Featured Post

We've moved! Join me!

Hello Everyone!

I know I've been rather silent but that's because I have been working on a website to better showcase the content I have gathered over the years. I have divided it into six sections (see below) designed to aggregate the stories into similar categories.

There is also a section dedicated to events happening within our communities, a campaigns section that looks at causes that need awareness in our communities and a section on culture that features sub topics including fashion, arts, music, film, history and theatre.
I want to thank you all for supporting and reading this content on Blogger. I hope you will join me at

All comments are welcome on this page. If you are having trouble posting on the Google+ page, please share your views via Facebook here or tweet @MisBeee

Please be aware that you may not reproduce, republish, modify or commercially exploit this content without our prior written consent.

Being Black in Britain

I recently attended an event with two British-Ghanaians in the media, which shone a light on how some of us second generationers (I know it's not a word...yet) have dealt with feeling foreign in the country of our birth.

The event was organised by The Media Society and Reed Smith LLP and was called Brit(ish) and Black - Growing Up in a Strange Land.

It introduced former T4 presenter June Sarpong and lawyer and journalist Afua Hirsch and was called Brit(ish) and Black - Growing Up in a Strange Land.

Both women are panellists on the Sky TV show The Pledge, both have launched new books and both have lived in Ghana at some points in their lives.

June came from a well-to-do family in Ghana, grew up during the Rawlings years and had to flee with her immediate family to Britain in the 1980s. She initially lived in council accommodation - so it was a world away from her life in Ghana.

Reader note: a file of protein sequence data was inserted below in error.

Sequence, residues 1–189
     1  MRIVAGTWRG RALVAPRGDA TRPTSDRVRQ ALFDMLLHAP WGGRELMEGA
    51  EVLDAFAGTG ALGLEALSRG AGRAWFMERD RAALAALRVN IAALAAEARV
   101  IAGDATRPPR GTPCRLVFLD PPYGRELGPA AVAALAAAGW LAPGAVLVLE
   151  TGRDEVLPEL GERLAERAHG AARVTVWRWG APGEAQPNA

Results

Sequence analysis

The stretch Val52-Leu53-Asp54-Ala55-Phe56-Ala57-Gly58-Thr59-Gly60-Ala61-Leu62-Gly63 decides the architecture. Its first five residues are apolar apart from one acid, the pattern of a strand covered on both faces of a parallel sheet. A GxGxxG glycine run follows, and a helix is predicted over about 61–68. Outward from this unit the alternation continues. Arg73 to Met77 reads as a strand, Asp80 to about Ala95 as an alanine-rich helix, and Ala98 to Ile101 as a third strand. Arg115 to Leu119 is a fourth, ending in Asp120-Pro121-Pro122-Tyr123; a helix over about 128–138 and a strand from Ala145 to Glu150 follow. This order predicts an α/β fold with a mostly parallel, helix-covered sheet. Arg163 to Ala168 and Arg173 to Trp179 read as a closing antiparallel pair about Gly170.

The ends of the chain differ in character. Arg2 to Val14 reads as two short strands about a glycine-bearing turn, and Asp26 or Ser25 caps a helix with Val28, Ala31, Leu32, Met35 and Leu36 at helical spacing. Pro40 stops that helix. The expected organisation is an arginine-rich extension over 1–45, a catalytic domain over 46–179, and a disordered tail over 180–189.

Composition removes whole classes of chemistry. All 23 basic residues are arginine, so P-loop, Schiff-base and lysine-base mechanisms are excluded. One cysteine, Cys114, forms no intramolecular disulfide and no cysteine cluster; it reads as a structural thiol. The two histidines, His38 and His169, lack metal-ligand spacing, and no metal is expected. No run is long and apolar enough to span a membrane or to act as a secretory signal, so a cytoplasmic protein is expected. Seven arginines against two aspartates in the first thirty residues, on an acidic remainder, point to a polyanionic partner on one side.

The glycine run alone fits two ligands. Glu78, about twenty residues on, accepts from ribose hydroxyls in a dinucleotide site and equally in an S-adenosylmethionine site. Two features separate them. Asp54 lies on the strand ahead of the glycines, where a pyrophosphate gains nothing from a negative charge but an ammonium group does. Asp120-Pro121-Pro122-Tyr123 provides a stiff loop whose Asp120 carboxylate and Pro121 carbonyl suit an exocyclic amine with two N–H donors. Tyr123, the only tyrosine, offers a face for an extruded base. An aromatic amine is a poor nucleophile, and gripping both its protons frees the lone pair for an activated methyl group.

Comparatively, Afua grew up in Wimbledon, London with her Ghanaian mum and Jewish dad and only lived in G…

Guest blogger: Joana Nyantakyiwaa - an inspirational mum

International Women's Day and Mother's Day have all too keenly focussed the world's attention on the amazing women in all of our lives. My inspiration is much closer to home and comes from my amazing mum. She is not only beautiful, extremely accomplished as a business woman, mother, healer, chef, and positive thinker - she is unafraid of trying new activities.

She taught herself to knit and sew when my brother and I were children, graduated to crocheting doilies and then to creating fantastic flower arrangements. She inspired my love for creativity and established her own jewellery-making enterprise - creating earrings, bracelets and necklaces.
She set up her own business caring for elderly people for almost two decades and once that chapter in her life was drawing to an end, she went back to school and got a couple of GCSEs in English and Law (as you do!).
Saying I am proud of her would be an understatement and to highlight just how inspiring she continues to be, I wanted…

Brixton exhibition preserves Ghana’s past

An East London family had no idea that two bags of letters brought back from Ghana would become the subject of a groundbreaking exhibition.

But when the Black Cultural Archives in Brixton got involved and enlisted the help of experts, these old documents - some dating back to 1894 - were deemed to be absolutely unique in Britain and a heritage asset that needed to be preserved.

The Adamah Papers exhibition was launched on Ghana Independence Day (6th March) and showcased letters written by and sent to Ewe King Fia Togbui Adamah II, and celebrated elements Ewe culture.